“Sergio is a trained jazz bassist,” Hankel said. “He’s very musically minded and he has a unique approach to the drums. He comes up with interesting and fresh suggestions, like, ‘We do it this way every time. Why don’t we try this?’ ”
“Fantoche” was put together mostly piecemeal from late December to late July. The band was rarely assembled as one, primarily because McGrane was touring heavily with Jeff Freling, her partner in Victor and Penny, and Dahlquist was on the road constantly with his wife, Chris Dahlquist, a mixed-media artist. It was a process new to all.
“We did the initial, basic recording in two days,” McGrane said. “That was the only time we were all together. After that it was overdubs in small groups or individually. You’d go in, record something, then go away.”
“I’ve never recorded like this,” Hankel said. “We recorded in spurts. It was frustrating at times, but somehow we made it all work. Justin was the glue who held it all together.”
The studio was Donoho’s West Plaza home.
“It has great sound,” McGrane said. “It’s like 100 years old, lots of hardwood.”
Donoho asked the band if Money Wolf could produce the record because “they hadn’t really put out a proper ‘studio’ album.”
“We wanted each of the songs to tell a story — which meant we had to treat each as its own idea,” he said. “I think that really (helped create) the sound people are going to hear. Some of the songs feel as though the band is on stage performing for you; others really feel like you’re in the midst of the story they’re telling. It was a great process.”
Penney described the setup for the basic tracks: “We ended up with Sergio in the living room and Kyle in the kitchen. Christian and Erin were in the dining/control room. There’s very little isolation of each instrument from those basic tracks. This really makes it sound like a band in one place, because it is, but it does limit some things that can be done during editing.”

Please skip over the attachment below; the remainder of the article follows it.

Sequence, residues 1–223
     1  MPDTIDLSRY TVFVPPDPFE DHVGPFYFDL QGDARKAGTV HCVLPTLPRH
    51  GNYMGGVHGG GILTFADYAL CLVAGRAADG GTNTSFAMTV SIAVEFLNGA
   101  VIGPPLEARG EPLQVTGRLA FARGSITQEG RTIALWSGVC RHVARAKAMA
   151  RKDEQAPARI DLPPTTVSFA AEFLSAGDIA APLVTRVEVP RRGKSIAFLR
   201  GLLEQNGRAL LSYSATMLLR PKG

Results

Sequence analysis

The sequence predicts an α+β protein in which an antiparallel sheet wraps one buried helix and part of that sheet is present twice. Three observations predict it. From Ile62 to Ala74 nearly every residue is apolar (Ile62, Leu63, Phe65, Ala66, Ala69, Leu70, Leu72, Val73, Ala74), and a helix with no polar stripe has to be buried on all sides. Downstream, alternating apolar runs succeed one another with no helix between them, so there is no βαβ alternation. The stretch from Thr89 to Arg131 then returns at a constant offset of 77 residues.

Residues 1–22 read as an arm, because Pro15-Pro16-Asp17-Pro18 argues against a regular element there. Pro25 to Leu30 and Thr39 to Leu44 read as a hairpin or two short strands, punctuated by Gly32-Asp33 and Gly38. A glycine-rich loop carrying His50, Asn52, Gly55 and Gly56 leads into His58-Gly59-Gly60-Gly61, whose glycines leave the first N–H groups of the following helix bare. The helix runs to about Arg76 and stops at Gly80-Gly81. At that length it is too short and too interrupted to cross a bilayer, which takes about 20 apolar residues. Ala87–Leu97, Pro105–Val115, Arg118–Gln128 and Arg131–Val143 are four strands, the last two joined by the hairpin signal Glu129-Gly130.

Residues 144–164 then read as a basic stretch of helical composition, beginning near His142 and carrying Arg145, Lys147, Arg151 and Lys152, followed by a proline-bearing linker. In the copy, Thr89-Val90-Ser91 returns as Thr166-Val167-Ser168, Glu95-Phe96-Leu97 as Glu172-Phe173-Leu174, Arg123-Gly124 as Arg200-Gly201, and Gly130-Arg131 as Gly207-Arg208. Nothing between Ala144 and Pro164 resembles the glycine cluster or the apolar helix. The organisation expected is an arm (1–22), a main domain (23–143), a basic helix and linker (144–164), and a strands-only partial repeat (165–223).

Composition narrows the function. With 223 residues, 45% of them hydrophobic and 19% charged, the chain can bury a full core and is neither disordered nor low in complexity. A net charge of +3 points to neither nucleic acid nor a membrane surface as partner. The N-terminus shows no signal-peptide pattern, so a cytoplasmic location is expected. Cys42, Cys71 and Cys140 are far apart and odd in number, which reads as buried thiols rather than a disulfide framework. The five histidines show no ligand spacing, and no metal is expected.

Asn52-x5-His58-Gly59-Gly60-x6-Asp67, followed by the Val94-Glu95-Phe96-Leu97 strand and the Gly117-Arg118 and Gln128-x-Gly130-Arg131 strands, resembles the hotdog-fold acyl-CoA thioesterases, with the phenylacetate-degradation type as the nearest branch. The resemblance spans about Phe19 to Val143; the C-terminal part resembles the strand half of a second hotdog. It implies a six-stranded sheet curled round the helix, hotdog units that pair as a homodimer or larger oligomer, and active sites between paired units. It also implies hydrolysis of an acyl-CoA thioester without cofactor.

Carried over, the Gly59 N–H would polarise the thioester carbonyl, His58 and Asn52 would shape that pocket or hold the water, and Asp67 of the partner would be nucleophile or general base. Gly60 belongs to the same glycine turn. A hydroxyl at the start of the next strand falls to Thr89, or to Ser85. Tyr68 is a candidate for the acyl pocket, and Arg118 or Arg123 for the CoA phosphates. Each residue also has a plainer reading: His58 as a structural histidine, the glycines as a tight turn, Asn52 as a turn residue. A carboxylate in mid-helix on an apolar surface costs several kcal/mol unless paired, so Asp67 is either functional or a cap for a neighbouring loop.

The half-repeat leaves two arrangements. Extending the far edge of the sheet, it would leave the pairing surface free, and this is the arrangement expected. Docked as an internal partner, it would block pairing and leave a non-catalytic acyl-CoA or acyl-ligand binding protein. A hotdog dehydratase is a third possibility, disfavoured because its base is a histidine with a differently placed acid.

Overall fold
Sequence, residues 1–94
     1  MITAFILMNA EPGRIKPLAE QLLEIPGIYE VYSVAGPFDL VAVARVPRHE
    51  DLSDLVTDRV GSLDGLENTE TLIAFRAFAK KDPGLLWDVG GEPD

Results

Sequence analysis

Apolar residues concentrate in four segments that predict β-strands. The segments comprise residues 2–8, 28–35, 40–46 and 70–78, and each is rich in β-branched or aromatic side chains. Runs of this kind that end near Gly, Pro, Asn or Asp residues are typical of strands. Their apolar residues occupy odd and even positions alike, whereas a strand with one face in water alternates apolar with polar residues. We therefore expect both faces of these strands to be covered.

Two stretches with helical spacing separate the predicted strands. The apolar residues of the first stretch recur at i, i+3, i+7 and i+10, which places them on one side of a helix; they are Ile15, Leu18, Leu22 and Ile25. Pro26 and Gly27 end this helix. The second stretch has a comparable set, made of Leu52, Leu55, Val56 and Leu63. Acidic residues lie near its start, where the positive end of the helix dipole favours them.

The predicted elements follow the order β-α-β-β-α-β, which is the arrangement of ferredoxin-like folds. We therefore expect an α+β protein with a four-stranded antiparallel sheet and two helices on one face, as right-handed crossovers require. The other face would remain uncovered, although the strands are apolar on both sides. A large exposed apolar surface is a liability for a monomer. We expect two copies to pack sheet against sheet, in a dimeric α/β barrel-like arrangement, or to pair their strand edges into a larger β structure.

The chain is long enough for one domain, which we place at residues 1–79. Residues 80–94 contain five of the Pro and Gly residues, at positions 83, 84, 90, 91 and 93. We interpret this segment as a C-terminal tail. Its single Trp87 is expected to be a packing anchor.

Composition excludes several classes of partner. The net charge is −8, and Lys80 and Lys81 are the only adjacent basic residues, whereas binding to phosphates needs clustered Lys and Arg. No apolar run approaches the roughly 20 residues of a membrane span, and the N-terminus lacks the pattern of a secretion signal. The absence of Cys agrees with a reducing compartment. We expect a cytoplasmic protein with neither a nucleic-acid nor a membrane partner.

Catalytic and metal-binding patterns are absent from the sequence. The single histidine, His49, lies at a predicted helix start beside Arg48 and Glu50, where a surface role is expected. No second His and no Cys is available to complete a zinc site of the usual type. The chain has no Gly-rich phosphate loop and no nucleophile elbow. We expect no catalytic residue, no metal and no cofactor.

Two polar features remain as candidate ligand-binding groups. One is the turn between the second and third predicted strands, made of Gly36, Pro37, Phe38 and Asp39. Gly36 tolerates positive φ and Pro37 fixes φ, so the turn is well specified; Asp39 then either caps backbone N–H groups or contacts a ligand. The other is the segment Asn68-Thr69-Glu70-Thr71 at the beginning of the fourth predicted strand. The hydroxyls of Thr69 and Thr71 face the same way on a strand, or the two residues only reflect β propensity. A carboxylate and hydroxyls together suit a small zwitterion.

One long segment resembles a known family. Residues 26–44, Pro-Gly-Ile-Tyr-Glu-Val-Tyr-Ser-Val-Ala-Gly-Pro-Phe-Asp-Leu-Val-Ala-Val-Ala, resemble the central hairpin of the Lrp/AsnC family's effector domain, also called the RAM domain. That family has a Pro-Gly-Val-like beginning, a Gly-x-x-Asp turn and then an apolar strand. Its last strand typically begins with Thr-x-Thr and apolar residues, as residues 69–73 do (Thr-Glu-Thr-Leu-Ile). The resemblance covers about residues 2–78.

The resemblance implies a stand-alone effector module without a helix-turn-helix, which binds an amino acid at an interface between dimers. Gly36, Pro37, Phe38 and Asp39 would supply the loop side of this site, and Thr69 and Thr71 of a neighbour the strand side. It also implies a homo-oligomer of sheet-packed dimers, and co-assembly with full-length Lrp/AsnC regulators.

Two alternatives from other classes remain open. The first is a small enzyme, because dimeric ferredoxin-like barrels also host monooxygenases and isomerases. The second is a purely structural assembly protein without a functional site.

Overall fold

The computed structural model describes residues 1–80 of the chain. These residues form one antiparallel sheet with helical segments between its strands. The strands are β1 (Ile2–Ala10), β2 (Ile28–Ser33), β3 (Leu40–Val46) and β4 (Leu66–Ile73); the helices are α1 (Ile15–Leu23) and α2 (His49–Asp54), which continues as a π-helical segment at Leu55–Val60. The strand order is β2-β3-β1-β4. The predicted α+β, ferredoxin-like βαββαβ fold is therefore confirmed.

Both he and the band were open to experimenting and letting the songs help dictate the mood, he said, as in the recording of the song “Where’d You get That.”
“That song was completely re-invented in the studio,” he said. “Christian and Erin sat on the stairs to rehearse the song and something about the way they were positioned just clicked. I move a few microphones in place to get some more detail than the room mic was picking up and started recording their rehearsal. After a few run-throughs it was clear that this really fit the concept of the song.
“After the initial recording we had a few more sessions adding vocals and various overdubs of percussion, guitar, and synthesizer. Then we moved to mixing, which at first glance seemed like a monster of a chore. In practice, the songs exuded their mood in a way that they kind of mixed themselves.”
When Alacartoona takes these songs out live, audiences won’t hear all those layers and effects and studio atmospherics. They will hear some differences in the band, however, like more three-part vocals, now that Dahlquist is singing more. His accordion playing has also changed.
“It’s more percussive,” he said, “almost like a (Hammond) B3.”
Hankel said his time in the Hillary Watts Riot beside Donoho has had a big effect on him.
“Tommy is such an adventurous guitar player,” he said. “His explosions of colored sound have had had a big impact on me.”
And McGrane said all those gigs with Victor and Penny, plus her study of music theory, have seasoned her.
“I’m a much better all-around musician and singer,” she said. “You can’t do 100 shows in a year and not improve.”
Audiences may see an improved Alacartoona, but it also will be a familiar one.
“We can’t replicate the album live onstage,” she said. “That will be a surprise when they take it home. But the live show will be the Alacartoona our fans know and love.”
And that would be the one that cajoles and seduces — manipulates, you might say — its audiences into its dramas and thrall, but with no strings attached.
Alacartoona performs at 8 p.m. Friday at Nica’s 320. The show is sold out. The group has three other shows scheduled through the end of the year: Oct. 13 at the Kill Devil Club, 61 E. 14th St.; Nov. 15 at Le Fou Frog, 400 E. Fifth St.; and Dec. 22 at Californos, 4124 Pennsylvania Ave.